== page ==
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#1 GG Mora

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Posted 05 February 2005 - 05:56 PM

I think this deserves its very own thread, since it's more than just a Surreal Annoyance. And some of its abuses are so egregious. Or just hilarious. Like this one:

The wife of one of my business colleagues is a Project Manager in the pharmaceutical industry. She recently submitted a comparison chart to her boss for approval, and received this response:

R____:

As we discussed, would you please perform a spell check on
this table.  "Worst" is not a word (regulatory table), the correct
spelling is worse.

If you are not sure of a term or its spelling, let me know and
we can discuss on Monday.

M____

This was R_____'s response:

M_____:

Please note that "Worst" is a word (and is in the dictionary). 
"Worse" case would not be the correct grammatical term.  You
generally refer to the set as Worst, Realistic, and Best Case
Scenario.  If you still want it changed, let me know.  I ran the
spell check - twice.

R_____


I've learned to stop questioning how idiots like this ascend to positions of power.

#2 hollywood

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Posted 05 February 2005 - 06:25 PM

What would Safire say?

I got that gin in my system
Somebody's gon' be my victim.

 

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#3 Steven Dilley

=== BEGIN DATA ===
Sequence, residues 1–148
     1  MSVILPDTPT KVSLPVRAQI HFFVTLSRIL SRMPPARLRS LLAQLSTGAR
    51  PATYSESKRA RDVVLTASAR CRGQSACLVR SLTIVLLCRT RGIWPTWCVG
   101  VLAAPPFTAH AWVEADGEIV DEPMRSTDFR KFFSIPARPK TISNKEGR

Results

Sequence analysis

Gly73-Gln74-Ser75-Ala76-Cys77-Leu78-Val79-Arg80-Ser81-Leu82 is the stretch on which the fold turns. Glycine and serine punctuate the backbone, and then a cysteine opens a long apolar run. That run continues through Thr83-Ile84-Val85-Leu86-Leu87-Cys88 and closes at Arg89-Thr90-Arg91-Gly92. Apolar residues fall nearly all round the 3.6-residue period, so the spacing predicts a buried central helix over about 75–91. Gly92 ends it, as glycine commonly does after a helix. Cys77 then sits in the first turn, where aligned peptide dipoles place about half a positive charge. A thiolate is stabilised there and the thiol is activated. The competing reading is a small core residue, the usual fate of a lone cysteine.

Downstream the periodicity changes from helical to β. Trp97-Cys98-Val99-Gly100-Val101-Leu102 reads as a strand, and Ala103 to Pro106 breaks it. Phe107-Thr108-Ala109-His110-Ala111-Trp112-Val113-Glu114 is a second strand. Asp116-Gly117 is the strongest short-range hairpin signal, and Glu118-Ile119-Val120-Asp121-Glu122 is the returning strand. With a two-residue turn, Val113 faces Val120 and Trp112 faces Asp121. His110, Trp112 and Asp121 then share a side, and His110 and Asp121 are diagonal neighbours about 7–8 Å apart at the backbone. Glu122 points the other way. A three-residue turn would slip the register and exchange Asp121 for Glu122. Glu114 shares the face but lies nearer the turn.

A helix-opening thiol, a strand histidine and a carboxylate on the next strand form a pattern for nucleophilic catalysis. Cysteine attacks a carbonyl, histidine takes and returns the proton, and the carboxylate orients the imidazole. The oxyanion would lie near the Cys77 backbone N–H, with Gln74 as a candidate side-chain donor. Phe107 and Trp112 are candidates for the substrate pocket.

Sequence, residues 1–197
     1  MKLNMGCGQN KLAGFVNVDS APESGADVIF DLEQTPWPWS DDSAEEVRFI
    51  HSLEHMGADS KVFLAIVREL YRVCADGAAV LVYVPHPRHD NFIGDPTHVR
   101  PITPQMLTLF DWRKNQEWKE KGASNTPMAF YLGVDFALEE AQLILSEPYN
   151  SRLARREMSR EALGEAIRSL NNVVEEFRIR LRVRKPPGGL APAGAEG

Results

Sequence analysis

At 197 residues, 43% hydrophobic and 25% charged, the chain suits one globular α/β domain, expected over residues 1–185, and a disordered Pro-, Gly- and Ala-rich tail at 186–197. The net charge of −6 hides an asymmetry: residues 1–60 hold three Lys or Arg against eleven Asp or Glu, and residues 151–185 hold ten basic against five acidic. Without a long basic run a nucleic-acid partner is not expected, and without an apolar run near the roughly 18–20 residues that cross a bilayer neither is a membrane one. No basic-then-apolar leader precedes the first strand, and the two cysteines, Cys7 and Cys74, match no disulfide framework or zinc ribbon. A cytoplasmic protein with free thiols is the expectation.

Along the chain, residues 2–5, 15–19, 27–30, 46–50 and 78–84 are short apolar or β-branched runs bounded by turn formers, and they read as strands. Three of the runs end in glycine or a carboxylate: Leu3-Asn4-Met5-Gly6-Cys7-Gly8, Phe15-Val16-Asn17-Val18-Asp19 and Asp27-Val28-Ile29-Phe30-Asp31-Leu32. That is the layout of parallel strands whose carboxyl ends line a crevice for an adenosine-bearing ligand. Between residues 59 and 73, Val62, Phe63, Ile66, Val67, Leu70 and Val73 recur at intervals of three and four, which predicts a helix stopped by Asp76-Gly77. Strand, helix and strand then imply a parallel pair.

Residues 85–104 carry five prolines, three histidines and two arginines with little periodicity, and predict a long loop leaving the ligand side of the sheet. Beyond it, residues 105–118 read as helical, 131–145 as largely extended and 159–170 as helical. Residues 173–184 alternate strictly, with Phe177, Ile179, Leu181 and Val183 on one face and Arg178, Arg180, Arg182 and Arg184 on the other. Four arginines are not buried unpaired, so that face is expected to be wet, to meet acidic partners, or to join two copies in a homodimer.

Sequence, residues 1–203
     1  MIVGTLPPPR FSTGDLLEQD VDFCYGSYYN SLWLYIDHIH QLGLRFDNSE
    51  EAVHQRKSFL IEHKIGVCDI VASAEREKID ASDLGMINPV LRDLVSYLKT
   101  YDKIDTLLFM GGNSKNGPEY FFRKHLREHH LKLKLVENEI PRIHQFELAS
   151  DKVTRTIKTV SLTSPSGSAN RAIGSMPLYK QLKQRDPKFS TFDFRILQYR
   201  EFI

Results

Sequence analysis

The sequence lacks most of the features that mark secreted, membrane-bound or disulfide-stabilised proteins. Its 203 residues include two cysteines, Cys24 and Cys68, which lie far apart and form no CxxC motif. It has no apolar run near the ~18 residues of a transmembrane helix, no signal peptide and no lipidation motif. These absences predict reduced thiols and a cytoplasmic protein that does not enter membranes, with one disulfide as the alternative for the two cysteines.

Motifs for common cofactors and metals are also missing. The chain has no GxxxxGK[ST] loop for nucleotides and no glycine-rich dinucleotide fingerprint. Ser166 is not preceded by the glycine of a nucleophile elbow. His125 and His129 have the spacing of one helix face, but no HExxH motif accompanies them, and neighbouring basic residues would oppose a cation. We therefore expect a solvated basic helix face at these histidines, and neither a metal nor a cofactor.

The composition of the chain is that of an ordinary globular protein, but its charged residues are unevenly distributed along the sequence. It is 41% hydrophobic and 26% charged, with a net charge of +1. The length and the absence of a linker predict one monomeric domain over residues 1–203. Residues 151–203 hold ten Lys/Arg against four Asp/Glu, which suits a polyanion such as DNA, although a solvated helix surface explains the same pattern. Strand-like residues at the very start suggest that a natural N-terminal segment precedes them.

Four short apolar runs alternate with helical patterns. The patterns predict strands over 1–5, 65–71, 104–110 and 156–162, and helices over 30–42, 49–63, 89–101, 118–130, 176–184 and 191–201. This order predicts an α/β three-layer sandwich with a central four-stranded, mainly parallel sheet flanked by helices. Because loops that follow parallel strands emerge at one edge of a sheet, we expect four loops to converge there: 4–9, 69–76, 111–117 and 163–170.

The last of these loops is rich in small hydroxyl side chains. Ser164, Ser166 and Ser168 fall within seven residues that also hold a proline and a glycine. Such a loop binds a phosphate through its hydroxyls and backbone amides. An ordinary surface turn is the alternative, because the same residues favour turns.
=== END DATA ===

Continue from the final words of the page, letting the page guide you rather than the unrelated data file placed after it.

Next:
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Posted 05 February 2005 - 06:38 PM

What would Safire say?

He'd blame Clinton.
Say what you will about the ten commandments, you must always come back to the pleasant fact that there are only ten of them.

--H.L.Mencken


.............................
Sissies and wastoids

#4 mongo_jones

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Posted 05 February 2005 - 07:58 PM

is "your" now an accepted americanization of "you're"?

my annoying opinions: whisky, food and occasional cultural commentary

 

 

current recipe: indian home cooking 7: chapatis and parathas

 

current restaurant review: back to bangkok thai deli

 

current whisky review: springbank 12 cask strength, batch 7

 

facts are meaningless. you could use facts to prove anything that's even remotely true!
~homer simpson


 


#5 Squeat Mungry

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Posted 05 February 2005 - 08:02 PM

At one point in my checkered career, I worked as a word processor/database designer/factotum for a small management consulting firm. One of the principals in the firm had no idea that "then" and "than" were two discrete words. Drove me crazy.
It is a pretty poem, Mr. Pope, but you must not call it Homer. -- Richard Bentley

#6 Jaymes

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Posted 05 February 2005 - 08:28 PM

Misuse of the apostrophe is probably the thing that gets me the most. I mean how hard is it? How can one graduate from high school and not understand the difference between it's and its? Or the difference between a plural noun and a possessive? As in, "We Sell Taco's"?

The Voice of America


#7 mongo_jones

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Posted 05 February 2005 - 08:40 PM

How can one graduate from high school and not understand the difference between it's and its?

i have to admit that i often have to think twice about this one myself.

http://www.wsu.edu/~...errors/its.html

my annoying opinions: whisky, food and occasional cultural commentary

 

 

current recipe: indian home cooking 7: chapatis and parathas

 

current restaurant review: back to bangkok thai deli

 

current whisky review: springbank 12 cask strength, batch 7

 

facts are meaningless. you could use facts to prove anything that's even remotely true!
~homer simpson


 


#8 GG Mora